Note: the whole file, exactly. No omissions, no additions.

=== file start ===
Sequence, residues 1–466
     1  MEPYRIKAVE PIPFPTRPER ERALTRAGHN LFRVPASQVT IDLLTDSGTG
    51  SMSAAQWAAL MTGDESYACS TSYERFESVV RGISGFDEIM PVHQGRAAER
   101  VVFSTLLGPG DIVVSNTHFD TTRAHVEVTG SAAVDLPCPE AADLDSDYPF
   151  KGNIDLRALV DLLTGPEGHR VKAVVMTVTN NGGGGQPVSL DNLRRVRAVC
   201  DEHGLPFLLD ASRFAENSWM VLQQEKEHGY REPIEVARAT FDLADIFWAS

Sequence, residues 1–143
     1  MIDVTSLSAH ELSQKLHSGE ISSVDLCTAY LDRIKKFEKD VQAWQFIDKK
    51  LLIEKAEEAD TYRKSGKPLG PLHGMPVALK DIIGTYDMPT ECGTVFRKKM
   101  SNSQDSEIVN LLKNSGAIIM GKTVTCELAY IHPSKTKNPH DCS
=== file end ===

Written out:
Sequence, residues 1–466
     1  MEPYRIKAVE PIPFPTRPER ERALTRAGHN LFRVPASQVT IDLLTDSGTG
    51  SMSAAQWAAL MTGDESYACS TSYERFESVV RGISGFDEIM PVHQGRAAER
   101  VVFSTLLGPG DIVVSNTHFD TTRAHVEVTG SAAVDLPCPE AADLDSDYPF
   151  KGNIDLRALV DLLTGPEGHR VKAVVMTVTN NGGGGQPVSL DNLRRVRAVC
   201  DEHGLPFLLD ASRFAENSWM VLQQEKEHGY REPIEVARAT FDLADIFWAS

Sequence, residues 1–143
     1  MIDVTSLSAH ELSQKLHSGE ISSVDLCTAY LDRIKKFEKD VQAWQFIDKK
    51  LLIEKAEEAD TYRKSGKPLG PLHGMPVALK DIIGTYDMPT ECGTVFRKKM
   101  SNSQDSEIVN LLKNSGAIIM GKTVTCELAY IHPSKTKNPH DCS